USAID

On June 17, Research!America hosted a Capitol Hill briefing on neglected tropical diseases in partnership with Drugs for Neglected Diseases initiative (DNDi), Global Health Technologies Coalition (GHTC), The American Society for Tropical Medicine and Hygiene, and Doctors Without Borders/Médecins Sans Frontières (MSF). Research!America also led a series of Hill meetings last week with influential congressional offices to discuss some of the successes of USAID’€™s NTD program and to highlight the need for continued investments. USAID’€™s NTD program ’€“ which was authorized by Congress in 2006 – has helped to deliver more than 580 million treatments to approximately 260 million people...
Neglected tropical diseases (NTDs) are a group of 17 bacterial and parasitic infections that affect more than 1.4 billion people worldwide. NTDs are both infectious and chronic and disproportionately affect people in poverty. The U.S. has played an important role in the fight against NTDs, particularly through the NTD program at USAID. Although the program is extremely successful and has delivered treatments to more than 250 million people worldwide, currently the program only focuses on five of the seventeen NTDs. The remaining twelve are often overlooked, in part because existing tools are simply not sufficient to treat these NTDs. To discuss these issues and more, please join us on...
Dear Research Advocate: Yesterday, President Obama tweeted about the effects of sequestration on medical research. From @barackobama, “The #sequester is slowing the pace of medical research, delaying the discovery of cures and treatments. Read more .” It is terrific that the president is helping drive increased attention to medical research. Our thanks to him and also to all who have joined our Memorial Day recess week of social media advocacy . The American Heart Association posted this great image to its Facebook page; we also thank Society for Neuroscience , BIO , The Endocrine Society , Melanoma Research Alliance , University of Maryland School of Medicine , CURE Epilepsy and UPenn...
Karen Goraleski By ASTMH Executive Director Karen A. Goraleski The American Society for Tropical Medicine and Hygiene is an international organization comprised of scientists, clinicians and program professionals who work to promote global health through the prevention and control of infectious diseases. ASTMH recognizes that global health is America’€™s health and America’€™s health is global health. It is vitally important for the broad research community ’€“ from basic through implementation and evaluation ’€“ to actively support a vibrant and innovative research enterprise. Everyone benefits from a strong U.S. investment in research. U.S. budget challenges threaten to derail the...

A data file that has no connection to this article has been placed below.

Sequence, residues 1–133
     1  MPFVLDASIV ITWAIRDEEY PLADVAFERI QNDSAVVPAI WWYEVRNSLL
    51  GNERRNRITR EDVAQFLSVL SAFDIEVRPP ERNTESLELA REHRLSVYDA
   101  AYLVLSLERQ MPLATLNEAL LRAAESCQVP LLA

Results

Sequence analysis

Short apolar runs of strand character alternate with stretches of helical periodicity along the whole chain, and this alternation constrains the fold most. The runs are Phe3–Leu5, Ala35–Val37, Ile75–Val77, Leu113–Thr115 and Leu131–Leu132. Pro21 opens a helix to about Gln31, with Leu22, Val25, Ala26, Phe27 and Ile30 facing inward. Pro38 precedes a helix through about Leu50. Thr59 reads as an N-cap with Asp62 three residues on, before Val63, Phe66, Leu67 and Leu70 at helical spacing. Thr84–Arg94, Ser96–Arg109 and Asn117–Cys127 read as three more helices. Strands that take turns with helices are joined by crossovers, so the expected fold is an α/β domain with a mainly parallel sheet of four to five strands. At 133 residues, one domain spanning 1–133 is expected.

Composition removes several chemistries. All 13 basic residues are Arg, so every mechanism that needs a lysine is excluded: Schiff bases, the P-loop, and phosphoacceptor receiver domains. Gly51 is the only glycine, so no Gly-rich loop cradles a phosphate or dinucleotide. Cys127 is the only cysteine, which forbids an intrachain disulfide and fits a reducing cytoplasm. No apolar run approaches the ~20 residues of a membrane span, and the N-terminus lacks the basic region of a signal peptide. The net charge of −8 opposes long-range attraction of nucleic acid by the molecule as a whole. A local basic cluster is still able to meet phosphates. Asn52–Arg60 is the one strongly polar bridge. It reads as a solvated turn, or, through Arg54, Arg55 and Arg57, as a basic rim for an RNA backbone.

by Morgan McCloskey, Global Health Intern and Ellie Dehoney, Vice President of Policy and Programs at Research!America. This entry was originally posted as a guest contribution to the USAID IMPACT Blog. Doctor prepares malaria treatment. Photo credit: IMAD In the past decade, U.S. investments in science, technology and innovation have led to critical breakthroughs in prevention, diagnosis and treatment of deadly global diseases. We now have a meningitis vaccine for African populations, a new test that can quickly diagnose drug-resistant TB and promising data indicating that a vaccine could prevent HIV infection. We have developed desperately needed new drugs for neglected diseases and have...
On September 30, The Washington Post highlighted efforts in Haiti to eliminate lymphatic filariasis, commonly known as elephantiasis. A neglected tropical disease (NTD), elephantiasis is a parasitic infection spread by mosquitoes that can lead to swelling of the arms or legs ’€” sometimes severely enough that individuals with the disease are stigmatized or unable to work. The good news is that elephantiasis can be prevented with anti-parasitic medicines. The Centers for Disease Control and Prevention and the U.S. Agency for International Development’€™s NTD program have taken a leadership role in administering these drugs in countries that are affected by elephantiasis. U.S. public health...

Sidebar Quote

If concerted, long-term investments in research are not made, America will lose an entire generation of young scientists.
Brenda Canine, PhD; McLaughlin Research Institute, Montana